Mix egg yolks and sugar until a yellow paste forms and then shape, then that yellow paste is either encased in pastry or dough.
Convents and Monasteries started to churn out sweet treats in the middle ages, when sugar was made available in Portugal through the Portuguese world-wide trade routes. Eggs play a major part in the cake making process, as egg whites were used to starch clothes, nuns habits and alike. Egg whites were also used to clarify home made wine and beer.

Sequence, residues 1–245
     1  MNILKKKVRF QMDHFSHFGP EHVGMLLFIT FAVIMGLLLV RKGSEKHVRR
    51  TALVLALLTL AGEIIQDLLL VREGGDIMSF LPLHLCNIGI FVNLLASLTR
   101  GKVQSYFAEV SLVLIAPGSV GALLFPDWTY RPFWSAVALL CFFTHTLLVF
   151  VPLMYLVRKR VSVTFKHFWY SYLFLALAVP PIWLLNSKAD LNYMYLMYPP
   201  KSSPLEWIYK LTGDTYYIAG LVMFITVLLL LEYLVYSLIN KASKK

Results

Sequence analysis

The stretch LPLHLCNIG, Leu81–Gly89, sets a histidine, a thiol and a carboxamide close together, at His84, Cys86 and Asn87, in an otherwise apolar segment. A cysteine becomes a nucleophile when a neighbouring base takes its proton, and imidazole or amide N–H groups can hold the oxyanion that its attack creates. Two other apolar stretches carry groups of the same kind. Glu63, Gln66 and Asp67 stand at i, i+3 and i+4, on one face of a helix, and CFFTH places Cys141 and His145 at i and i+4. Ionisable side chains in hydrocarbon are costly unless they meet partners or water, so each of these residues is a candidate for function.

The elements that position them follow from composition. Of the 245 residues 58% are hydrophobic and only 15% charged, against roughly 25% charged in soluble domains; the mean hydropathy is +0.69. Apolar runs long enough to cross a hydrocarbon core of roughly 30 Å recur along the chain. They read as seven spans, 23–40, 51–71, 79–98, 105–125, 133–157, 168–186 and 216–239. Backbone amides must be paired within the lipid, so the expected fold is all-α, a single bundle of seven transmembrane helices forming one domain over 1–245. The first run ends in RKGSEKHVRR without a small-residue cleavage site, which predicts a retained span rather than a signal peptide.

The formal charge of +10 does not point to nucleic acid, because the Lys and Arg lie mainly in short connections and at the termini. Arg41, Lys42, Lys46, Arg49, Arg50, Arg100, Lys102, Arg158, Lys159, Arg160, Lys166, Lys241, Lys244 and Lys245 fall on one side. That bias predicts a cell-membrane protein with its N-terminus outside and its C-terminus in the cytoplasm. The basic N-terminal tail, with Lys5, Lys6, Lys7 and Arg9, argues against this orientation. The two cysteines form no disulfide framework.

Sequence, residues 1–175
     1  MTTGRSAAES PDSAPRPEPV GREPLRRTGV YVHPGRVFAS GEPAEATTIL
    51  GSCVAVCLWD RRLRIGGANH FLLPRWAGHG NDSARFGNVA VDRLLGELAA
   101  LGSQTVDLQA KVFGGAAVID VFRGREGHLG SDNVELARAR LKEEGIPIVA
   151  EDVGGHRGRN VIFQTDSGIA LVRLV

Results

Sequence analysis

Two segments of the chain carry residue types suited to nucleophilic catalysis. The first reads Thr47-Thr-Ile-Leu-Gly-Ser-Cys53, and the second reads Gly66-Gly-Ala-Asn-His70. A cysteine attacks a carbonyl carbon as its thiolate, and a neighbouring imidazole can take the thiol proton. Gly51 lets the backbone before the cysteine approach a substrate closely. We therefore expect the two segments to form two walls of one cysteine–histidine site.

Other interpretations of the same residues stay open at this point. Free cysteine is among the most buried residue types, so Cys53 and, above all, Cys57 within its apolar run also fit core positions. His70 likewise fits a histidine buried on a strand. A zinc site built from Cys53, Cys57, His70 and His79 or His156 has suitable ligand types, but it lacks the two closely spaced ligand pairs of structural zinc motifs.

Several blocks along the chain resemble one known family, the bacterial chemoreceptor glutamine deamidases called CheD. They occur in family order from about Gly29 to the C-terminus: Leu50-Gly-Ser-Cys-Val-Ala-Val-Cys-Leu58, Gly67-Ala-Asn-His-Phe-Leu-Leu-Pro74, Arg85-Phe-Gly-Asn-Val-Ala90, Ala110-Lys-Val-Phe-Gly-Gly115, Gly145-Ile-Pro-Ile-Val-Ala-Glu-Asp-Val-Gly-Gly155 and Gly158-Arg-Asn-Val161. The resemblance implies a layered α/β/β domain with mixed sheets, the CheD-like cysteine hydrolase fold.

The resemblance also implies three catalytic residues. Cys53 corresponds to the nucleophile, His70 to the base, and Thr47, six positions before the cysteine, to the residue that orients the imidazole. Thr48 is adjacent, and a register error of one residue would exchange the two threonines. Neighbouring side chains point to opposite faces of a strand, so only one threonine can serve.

Nuns used their initiative and in the spirit of making money for the church started to sell sweets. It has now become part of the Portuguese culture. Coffee shops have a bewildering array of cakes on offer, there are the staples such as a Bolo de Berlim (a doughnut with the yellow stuff in the middle) the Pastel de Nata (a pastry case with a thicker bit of yellow stuff in the middle). There are regional treats such as ovos moles (translates as soft eggs) available in Aveiro (it's yellow stuff in rice paper)....there are Tentugal pastries (it's the yellow stuff in filo pastry).......But there are lots without the yellow stuff, such as beer cakes or bean paste cakes. Whatever they are they are intensely sweet and give a great sugar rush. Here is a lovely summary of sweet treats on offer in Portugal.